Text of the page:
Thomas more photos
We would like to thank Trevor Hallam for looking after the Thomas Layout for many years at our exhibitions and also for refurbishing it at his expense.
Unfortunately because of ill health Trevor is no longer able to continue so it was decided to offer Thomas free of charge to Hucclecote Railway Modellers on condition they bring it to all of our future exhibitions.
This is the model railway where Children can become Engine Drivers on the Island of Sodor and has of course been inspired by the Reverend Audrey books.
Our Thomas and Friends layout has been built for ten years now and in that time we hope it has encouraged many new railway enthusiasts to build a train set of their own.
Originally it was intended as a space filler at shows so needed to be small, easy to transport and have a simple track plan, easy for small children to operate.
After its first appearance it was clear this model railway would have to be included at all our exhibitions.
It incorporates a tunnel, station, level crossing together with locomotive and goods facilities. Train drivers should look out for many of the popular characters; Henry, Percy, Toby, Cranky, the Troublesome Trucks, not forgetting the Sir Topham Hatt better known as the Fat Controller.
The famous anthropomorphised rolling stock is mostly from the Thomas range and we are sure most of the adults and all the kids will love it.
Happy Driving, but please observe the track speed limits.
Thursley is the name given to our club's new O gauge layout.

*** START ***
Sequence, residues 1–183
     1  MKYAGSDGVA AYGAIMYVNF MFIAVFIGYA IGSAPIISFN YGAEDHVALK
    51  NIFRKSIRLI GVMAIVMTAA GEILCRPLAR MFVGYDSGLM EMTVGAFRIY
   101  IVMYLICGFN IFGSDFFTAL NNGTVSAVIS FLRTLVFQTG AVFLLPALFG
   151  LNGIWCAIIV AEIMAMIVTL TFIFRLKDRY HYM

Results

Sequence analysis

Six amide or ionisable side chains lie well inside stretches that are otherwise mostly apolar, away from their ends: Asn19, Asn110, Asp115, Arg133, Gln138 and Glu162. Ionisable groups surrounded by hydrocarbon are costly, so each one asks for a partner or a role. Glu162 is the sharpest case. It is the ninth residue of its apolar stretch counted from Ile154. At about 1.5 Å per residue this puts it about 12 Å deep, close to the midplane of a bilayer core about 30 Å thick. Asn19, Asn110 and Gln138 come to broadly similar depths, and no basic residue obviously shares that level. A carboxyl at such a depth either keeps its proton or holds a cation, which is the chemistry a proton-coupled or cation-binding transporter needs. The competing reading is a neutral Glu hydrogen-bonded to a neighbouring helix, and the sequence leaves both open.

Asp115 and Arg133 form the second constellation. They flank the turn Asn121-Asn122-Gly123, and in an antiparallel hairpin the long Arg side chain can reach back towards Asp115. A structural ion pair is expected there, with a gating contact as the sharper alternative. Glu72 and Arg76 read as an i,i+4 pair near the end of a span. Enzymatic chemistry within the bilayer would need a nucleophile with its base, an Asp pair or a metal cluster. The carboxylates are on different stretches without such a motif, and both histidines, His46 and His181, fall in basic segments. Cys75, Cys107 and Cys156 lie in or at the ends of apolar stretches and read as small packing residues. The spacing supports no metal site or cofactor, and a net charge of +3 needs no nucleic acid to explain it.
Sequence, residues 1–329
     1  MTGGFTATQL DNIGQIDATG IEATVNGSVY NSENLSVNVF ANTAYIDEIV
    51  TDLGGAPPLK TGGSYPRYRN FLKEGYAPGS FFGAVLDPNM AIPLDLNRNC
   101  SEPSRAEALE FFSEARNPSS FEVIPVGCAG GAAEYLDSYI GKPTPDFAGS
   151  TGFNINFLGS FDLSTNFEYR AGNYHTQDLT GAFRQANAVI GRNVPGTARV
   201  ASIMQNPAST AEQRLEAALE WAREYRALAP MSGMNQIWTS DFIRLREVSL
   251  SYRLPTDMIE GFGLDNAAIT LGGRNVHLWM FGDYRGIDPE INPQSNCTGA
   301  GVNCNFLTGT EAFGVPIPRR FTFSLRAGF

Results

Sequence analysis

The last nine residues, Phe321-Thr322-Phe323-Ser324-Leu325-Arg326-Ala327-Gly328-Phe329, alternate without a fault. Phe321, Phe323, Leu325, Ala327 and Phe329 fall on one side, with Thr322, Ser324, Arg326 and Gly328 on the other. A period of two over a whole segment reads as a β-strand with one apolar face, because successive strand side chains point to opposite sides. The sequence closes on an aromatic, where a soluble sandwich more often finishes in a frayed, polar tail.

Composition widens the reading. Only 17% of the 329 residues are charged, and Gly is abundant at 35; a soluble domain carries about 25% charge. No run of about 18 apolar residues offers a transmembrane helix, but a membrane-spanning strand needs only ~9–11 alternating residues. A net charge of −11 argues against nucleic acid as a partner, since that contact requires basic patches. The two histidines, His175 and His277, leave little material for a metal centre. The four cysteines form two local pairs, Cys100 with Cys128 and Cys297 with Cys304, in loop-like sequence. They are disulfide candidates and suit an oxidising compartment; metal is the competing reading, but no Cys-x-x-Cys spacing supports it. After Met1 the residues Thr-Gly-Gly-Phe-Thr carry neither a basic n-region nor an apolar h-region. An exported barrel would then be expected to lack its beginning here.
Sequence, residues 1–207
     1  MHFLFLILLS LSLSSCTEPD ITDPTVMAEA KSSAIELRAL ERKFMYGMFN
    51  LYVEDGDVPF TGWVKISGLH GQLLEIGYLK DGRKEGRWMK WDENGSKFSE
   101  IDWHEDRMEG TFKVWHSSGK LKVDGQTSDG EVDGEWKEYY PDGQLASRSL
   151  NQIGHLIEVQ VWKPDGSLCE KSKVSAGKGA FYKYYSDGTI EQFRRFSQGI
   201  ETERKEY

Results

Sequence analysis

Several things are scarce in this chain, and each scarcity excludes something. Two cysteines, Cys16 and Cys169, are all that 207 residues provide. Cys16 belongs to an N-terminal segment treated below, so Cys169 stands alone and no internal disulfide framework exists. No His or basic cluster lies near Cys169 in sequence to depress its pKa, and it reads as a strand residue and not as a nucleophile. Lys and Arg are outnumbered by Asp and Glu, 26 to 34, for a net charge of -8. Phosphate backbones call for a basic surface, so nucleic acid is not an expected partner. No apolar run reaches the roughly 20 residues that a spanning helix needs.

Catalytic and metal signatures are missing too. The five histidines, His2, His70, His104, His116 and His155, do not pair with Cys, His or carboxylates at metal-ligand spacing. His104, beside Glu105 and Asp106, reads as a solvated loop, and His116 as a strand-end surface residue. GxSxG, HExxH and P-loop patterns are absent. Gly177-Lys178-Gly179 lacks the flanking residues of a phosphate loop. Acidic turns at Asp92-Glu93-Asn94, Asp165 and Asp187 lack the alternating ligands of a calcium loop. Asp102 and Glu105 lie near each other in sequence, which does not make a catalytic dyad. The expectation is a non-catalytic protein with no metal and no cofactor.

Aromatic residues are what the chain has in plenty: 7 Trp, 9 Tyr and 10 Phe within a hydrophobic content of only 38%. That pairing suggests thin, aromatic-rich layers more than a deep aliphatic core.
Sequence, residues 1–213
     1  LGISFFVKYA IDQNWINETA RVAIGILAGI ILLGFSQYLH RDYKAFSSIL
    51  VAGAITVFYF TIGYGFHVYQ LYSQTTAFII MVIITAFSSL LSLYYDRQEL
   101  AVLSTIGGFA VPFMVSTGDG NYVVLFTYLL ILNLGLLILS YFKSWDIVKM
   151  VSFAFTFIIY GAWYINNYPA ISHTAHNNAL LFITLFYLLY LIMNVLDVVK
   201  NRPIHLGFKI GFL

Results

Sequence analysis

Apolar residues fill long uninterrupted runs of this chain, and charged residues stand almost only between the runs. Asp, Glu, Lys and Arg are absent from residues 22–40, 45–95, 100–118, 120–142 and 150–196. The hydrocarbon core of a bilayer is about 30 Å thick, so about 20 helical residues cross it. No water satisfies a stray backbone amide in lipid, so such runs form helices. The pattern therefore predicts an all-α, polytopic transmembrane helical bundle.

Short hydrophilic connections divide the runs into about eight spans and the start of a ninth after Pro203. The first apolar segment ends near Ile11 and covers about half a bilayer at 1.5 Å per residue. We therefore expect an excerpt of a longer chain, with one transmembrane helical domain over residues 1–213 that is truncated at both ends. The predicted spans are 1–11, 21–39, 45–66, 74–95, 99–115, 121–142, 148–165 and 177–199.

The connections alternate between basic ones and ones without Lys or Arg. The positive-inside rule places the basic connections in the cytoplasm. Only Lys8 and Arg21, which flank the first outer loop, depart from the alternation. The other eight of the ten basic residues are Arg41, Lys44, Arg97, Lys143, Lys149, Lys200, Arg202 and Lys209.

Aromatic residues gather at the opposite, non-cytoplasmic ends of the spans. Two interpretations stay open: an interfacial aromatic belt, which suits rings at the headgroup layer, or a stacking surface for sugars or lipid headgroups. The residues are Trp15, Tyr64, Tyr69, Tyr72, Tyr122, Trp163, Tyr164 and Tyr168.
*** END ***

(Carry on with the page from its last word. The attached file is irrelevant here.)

It is a small branch terminus inspired by, but not based on Dursley, which had a similar very constricted site. The period modelled is the early years of nationalisation, when there was still a good deal of stock around which had not yet been through the British Railways paint shop so was still in pre nationalisation "big four" liveries, in various states of dilapidation. Ex London Midland Scottish (LMS) and Great Western Railway (GWR) locomotives prevail. There may well also be the occasional time travelling diesel to allow members' own stock to stretch its legs.
Trackwork is all by Peco and control is DCC, using NCE Powercabs. Couplings are Dinghams, which in principle allow automatic coupling with uncoupling by electromagnet. These were adopted as collectively, members' eyesight was no longer up to coping with three link couplings.
Locomotives are all current ready to run offerings, while the goods rolling stock is from kits assembled as a team effort by several club members.
Please feel free to ask the operators any questions you have about how one goes about planning and building a layout like this. Things worth looking at are the point rodding, working signals and the fully modelled interior goods shed.
Situated on the main line from Hereford to Leominster, north of Moreton-on-lugg is a line to some sidings for a Ministry of Defence Army depot - Circa 1960 to 1975 (British Railways-Western Region).
In the Victorian era a branch was built towards Weobley and ended outside the town at a place called Weobley Marsh.
The layout is a fictional "could have been". Some of the buildings on the layout are copies of originals from around the town. The back scene shows others from the area.
Travel 2000 Ltd
Bob's 3D Models
|Collett's Models of Exmouth
|Pre-owned Model Railways, S Parry
|Rly books, timetables, photos, Stewart Blencowe